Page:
1. My whole point of doing this (which BTW @Mel, did state that two of the three shops were not 100% adoption) was to uncover all the things we never talk about within our community: The mistakes we make as shelters and rescues as Mel enumerated earlier in the conversation, the hubris of Animal Care and Control to think their dogs should die instead of being adopted at Petland.

        For Nancy, the store in Pittsburgh Mills has people sign a form that they will return the dog if for any reason they no longer want him or her. They have taken adoption cues from Pamela Hoebeck, the rescuer who is working with them. They have a safety net.

        We have no consensus on these moral issues. And we often as a group appear to insist on doing things only one way. Ours. How about giving a small business person a little time to see how shelter dogs can indeed replace their income so they can pay the bills? Test community support (which we assume will rally around the store), revamp floor space so the dogs are out all day, like they do at Alan’s brother’s Petland where they are 100% shelter pets… not in cages. If we don’t start thinking out of the box, this is where we will stay. We can’t legislate our way out of the puppy mill industry.

        We loathe and detest puppy mills. We want an end to them. I have a petition at Change.org that now has 35,000 plus signatures in 17 days asking Petland USA to stop selling pets and fire puppy mills here: Will that *ever* happen if we only talk to ourselves? Do we reduce the possibilities of the change we desperately seek by cutting off any road to discussions that might lead to a similar announcement as that of Petland Canada?

        When I mentioned we have to work on this problem of puppy mills from all sides to get any good result, I really meant it. That does not include white washing puppy mills. It does include taking action, talking to individual Petland franchise owners, finding out if they are willing to start change, find out where the problems are in changing, work with rescues in a way they find acceptable and in the best interests of the animals.

        If we don’t do this – yes we have to watch out we are not being used – where are we going? How is my way or the highway working in Congress…not so well for anyone. Do we stand around for the next 25 years hoping puppy mills go away and miss a chance to speed this train up, from all angles?

        1. Thanks for weighing in here, Mary, and giving more details about the policies of the different Petlands. It’s impossible to cover everything in an interview. At first I thought that the question of “the other dogs” should have been addressed with Alan Caplan directly but I think now that it would probably have cut off conversation. This was a great lesson in perspective and I for one am glad you were brave enough to tackle a difficult topic.

          1. Thanks Edie for recognizing that first interviews, especially when the relationship between “sides” has been hateful, can’t cover everything. The subject has too many aspects. And there were things I wanted to get answers to that not many of us were aware of. We are all aware that Petlands sell puppy mill pets.

            While Petland USA, and others like them, need to change their business model to end cruelty, we need to answer some moral questions of our own that have not been addressed.

  12. Interesting debate! I have to say, I personally support what the pet store is doing. Sure, they don’t have pure motives, but what if they find that more people are being drawn to the shelter pup cages than the puppy mill cages? Won’t the shelter pups slowly start to out number the puppy mill pups, until they totally take over? Could we shut down puppy mills from the end point backwards, by showing pet stores that they will make as much/more profit and positive press from shelter dogs? If the pet stores start buying less puppy mill dogs, then puppy mills start to go out of business……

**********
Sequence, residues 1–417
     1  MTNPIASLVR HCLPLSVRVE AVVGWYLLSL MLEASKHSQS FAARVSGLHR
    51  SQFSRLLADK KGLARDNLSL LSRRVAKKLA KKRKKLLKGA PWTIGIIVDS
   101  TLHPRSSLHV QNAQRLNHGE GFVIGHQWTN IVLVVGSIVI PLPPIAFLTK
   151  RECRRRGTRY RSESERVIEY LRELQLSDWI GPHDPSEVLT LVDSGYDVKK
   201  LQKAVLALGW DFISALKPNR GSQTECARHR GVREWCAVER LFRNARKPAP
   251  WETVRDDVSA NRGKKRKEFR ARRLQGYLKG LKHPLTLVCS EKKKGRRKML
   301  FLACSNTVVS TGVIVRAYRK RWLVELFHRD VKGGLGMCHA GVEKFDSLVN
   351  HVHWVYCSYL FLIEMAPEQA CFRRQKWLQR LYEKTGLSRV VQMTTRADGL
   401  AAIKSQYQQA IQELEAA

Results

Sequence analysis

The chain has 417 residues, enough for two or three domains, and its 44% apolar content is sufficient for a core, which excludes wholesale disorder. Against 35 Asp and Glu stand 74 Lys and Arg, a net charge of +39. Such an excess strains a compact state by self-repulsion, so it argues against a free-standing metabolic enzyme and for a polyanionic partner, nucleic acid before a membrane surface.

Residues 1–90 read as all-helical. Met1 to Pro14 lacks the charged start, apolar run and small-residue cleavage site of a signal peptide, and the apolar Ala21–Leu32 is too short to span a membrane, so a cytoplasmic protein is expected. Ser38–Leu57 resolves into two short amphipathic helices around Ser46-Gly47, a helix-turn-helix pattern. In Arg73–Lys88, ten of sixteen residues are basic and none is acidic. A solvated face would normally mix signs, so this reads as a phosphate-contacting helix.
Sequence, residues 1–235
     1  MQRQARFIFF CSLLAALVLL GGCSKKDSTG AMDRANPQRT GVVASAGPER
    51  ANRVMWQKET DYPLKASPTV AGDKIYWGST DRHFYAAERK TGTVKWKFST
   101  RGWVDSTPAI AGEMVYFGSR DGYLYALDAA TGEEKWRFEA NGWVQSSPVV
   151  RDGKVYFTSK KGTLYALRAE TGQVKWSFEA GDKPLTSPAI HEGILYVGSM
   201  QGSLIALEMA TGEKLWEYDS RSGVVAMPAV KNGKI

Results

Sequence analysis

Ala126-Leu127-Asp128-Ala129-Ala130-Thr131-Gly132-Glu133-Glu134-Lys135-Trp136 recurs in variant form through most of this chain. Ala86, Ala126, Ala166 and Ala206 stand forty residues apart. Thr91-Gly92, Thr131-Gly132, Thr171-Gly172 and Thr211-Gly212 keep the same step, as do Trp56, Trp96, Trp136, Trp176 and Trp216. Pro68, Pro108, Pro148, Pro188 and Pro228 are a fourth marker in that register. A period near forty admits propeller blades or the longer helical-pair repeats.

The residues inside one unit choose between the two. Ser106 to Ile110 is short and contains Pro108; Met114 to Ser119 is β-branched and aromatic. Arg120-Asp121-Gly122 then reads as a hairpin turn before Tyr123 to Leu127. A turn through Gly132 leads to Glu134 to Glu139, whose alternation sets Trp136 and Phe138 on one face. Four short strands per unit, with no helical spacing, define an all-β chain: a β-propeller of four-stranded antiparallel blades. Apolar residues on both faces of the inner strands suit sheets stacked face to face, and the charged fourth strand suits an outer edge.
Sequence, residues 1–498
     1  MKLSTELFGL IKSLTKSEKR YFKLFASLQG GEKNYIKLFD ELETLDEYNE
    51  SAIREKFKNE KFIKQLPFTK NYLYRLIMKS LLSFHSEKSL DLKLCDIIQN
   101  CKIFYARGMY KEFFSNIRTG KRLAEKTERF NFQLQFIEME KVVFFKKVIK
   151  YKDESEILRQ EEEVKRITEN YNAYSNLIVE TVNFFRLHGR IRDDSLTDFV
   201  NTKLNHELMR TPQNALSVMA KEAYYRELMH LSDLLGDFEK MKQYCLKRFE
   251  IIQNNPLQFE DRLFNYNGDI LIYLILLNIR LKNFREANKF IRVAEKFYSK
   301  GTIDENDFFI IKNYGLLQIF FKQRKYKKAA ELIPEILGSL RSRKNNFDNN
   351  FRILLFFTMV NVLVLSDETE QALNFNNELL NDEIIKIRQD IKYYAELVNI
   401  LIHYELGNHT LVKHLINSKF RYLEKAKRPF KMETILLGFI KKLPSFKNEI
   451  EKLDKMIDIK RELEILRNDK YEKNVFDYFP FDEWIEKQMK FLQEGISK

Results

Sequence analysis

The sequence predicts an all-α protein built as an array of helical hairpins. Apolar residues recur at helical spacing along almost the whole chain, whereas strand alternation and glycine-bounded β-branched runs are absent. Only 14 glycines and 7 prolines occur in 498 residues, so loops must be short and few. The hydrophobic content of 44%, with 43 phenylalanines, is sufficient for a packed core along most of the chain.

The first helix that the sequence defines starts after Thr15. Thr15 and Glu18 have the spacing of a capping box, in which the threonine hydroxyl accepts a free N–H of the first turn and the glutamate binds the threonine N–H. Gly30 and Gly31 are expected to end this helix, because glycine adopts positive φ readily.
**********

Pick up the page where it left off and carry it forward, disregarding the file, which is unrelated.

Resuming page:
Yes, in the meantime, they are still selling mill dogs. But they are going to do that anyway. Why not meet them half way and show them that our way can work for them just as well? You can’t expect anyone to change overnight.

    But that’s just my opinion. I understand people who cannot support it due to their own personal ethics. I am not judging. 🙂 Just offering another point of view.

    1. I tend to agree with your opinion, Meghan. It seems a reasonable middle course. Like you, however, I understand those who feel differently. I don’t think there’s one ‘right’ answer here.

  13. I agree with Meghan and support what the pet store is doing – with the hope that this will lead to more people seeing that the adoption animals are just as desirable as the “for sale” puppies. Not everyone knows that shelter dogs can include puppies, purebred or purebred looking dogs, sweet natured dogs. Not everyone knows that pets for sale in a petstore are usually from puppy mills or that puppy mills are unhealthy prisons for dogs that live there. Puppy mills exist because they make profits for people, and pet stores need to see that they can still make a living for their workers and their families by handling adoptions instead of dealing with puppy mills. If this strategy doesn’t work, then people can always raise the protests again, but if this does work – it could speed up the needed change faster than protests.

  14. Well, it got started slow but this ended up being a great conversation. I’m sorry I’m so late, but my Reader has gotten away from me the past couple weeks. My opinion is pretty simple – I’m not going to support any company that is making money on puppy mill dogs. Even if these stores would stop selling puppies entirely I’d still have to think about supporting them. Generally franchises are required to make payments to their corporate headquarters, and if the corporate policy was still to make money from puppy mills, I probably wouldn’t shop at any of their stores. Hopefully the franchise owners would also start applying pressure to change the corporate policy.